Magneto 017cMagneto has been on rather a roller coaster in this volume. His series hit some real highs back when it first started, but it was then dragged down by the behemoth that was AXIS. It was the best part of a truly terrible event comic, but as they say you cannot polish a turd no matter how hard you try*. Ever since then it has been on this undulating downwards slope towards either cancellation or collision with Secret Wars. That is until this issue.

I have never been particularly fond of the art style in this series, but I cannot fault it for its consistency. At a time where we have an artistic travesty called ‘Wolverines’ with a different penciler every week, Magneto has stayed true to Walta. It means that you know exactly what to expect every issue, but that it is going to be uninspiring and bland. However I realise that I have been horribly harsh to this series in my reviews and I will make up for it now. Yes, the art is quite plain and ‘ordinary’ but that is because the story is not. The juxtaposition between the banal and the craziness of this story is what keeps it grounded. When you have mad super-powers that we all take for granted (like ultimate control over magnetism) it is all too easy to go absolutely mad with the art with force beams everywhere, blurred CGI effects and 60’s style garish coloured costumes.

So – sorry Gabriel Hernandez Walta – I completely misjudged this comic for so long for what is clearly a attempt to bring some gritty realism to this book. I think the best compliment I can give you is that it worked so well it took me this long to realise it. The story in this issue done any other way would have lost so much in garish displays and the pivotal subtle moment would have been utterly lost by it.

Conversely to Walta, I have always been a fan of Cullen Bunn, probably started by his Deadpool mini-series over the last few years. The fact that he managed to write a half decent comic connected to AXIS also means he deserves a huge amount of credit and you can see here what he can do without that sort of shackle.

Magneto has returned to Genosha to carry on his work to build a home for Mutant kind in the rubble of their previous refuge. However peace is not something that comes easily to mutants and especially not to one such as Erik. This book has some wonderful flashbacks to his past, a place that allows for near endless stories as he escaped from the Nazi Concentration camps. It turns out a man from his past has returned and is now on his island killing his people; a man who simply cannot still be alive and turns out to be impossible to kill.

I am not doing this book justice I know, but clearly I would need to be as good a writer as Cullen is to get my feelings across accurately. Also, I would need a lot of spoilers! Without ruining a book for everyone who has not yet had a chance to read it** I will endeavour to explain why this is so good. So many times in comics you have an unkillable villain, an unstoppable menace which our heroes battle to no avail. However at the end of the book they punch that bit harder, or make the magic device that lets them win, it always comes down to the stupidity of the villain or the power of the plot, very rarely does the medium allow something unexpected to happen.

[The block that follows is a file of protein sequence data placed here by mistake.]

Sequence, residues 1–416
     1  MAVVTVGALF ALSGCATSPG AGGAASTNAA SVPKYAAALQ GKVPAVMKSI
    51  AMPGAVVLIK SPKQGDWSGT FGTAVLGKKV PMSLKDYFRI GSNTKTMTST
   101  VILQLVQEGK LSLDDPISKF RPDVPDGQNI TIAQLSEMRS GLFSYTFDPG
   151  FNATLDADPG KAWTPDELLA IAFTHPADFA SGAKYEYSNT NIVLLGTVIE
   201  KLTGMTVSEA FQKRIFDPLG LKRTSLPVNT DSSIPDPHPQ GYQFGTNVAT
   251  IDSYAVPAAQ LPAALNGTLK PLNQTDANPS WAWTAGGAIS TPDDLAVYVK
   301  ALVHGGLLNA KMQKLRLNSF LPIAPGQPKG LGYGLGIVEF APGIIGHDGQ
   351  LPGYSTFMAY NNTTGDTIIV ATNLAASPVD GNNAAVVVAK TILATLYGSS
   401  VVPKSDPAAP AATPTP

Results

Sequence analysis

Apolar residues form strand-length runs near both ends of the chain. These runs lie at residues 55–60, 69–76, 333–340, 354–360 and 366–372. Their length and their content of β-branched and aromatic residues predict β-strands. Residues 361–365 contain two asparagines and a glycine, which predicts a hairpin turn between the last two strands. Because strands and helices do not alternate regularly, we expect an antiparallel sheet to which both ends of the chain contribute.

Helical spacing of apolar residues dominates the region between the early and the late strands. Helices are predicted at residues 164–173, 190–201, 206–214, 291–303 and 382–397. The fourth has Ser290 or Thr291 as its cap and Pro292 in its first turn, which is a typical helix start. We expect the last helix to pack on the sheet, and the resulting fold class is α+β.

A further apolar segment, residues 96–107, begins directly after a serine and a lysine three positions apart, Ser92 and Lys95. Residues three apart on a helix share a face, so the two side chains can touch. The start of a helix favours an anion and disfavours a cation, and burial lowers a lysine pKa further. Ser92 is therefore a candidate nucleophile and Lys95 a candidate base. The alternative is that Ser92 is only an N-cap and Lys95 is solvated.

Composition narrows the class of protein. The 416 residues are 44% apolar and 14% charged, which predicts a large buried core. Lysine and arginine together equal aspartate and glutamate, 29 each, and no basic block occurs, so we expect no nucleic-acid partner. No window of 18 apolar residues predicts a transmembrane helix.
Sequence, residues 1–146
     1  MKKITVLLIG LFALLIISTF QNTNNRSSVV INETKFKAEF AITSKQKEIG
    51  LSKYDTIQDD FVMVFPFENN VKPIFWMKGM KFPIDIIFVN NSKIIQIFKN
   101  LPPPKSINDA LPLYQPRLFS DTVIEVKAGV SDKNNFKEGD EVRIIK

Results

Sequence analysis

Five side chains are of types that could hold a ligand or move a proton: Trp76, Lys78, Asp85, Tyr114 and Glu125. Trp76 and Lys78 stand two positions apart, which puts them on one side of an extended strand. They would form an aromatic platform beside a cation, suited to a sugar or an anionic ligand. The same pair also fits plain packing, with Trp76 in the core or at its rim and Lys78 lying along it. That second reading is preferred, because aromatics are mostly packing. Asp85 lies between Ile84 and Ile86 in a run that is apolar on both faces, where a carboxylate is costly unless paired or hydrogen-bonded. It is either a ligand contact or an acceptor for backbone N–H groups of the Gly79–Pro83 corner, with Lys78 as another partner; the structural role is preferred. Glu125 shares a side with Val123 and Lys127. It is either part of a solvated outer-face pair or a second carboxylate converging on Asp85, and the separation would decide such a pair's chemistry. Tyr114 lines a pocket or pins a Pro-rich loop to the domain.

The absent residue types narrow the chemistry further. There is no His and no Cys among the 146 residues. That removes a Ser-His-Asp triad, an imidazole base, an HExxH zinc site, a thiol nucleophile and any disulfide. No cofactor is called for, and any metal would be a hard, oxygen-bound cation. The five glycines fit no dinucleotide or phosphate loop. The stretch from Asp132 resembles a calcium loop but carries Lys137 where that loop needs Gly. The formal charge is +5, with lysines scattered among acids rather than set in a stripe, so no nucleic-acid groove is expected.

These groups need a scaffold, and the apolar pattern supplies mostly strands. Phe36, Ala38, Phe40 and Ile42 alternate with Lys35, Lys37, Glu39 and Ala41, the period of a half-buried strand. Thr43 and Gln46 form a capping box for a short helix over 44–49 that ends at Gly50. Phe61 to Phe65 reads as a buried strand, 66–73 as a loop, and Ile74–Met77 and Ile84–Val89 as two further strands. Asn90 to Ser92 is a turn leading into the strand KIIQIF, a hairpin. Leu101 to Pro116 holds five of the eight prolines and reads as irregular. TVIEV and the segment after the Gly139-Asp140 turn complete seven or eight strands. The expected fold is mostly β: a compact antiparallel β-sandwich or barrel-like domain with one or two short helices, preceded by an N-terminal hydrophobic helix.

I thought it was all over in the middle of the book when Magneto impaled his nemesis with 10’s of metal shards and then snapped his neck. I was expecting a long and tedious break down of how this 90 year old man still looked relatively young and where his powers came from and a trail of clues that would lead Magneto onto his next adventure. What I was not expecting was anything like what they pulled out. Even when he slithered away as a pool of living goo, I expected Magneto to do something hokey with the iron in his blood, but again I was completely wrong.

When you read the book I guarantee you will do a double take because I simply did not believe it at first. Then I thought about it and realised it was the only thing he could do in the circumstance, accept end himself as was pointed out in the comic. This changed from a comic into a morality tale, a question about the needs of the one outweighing the needs of the many.

Cullen – I salute you, I never expected to read anything like this in a Marvel comic. You exceeded my expectations on every level and from a story perspective, this is one of the best comics this year without question.

* And I don’t want to hear from anyone who has seen Mythbusters because they cheated.

**Because the world is now divided into people have read this comic, and those who are going to read it…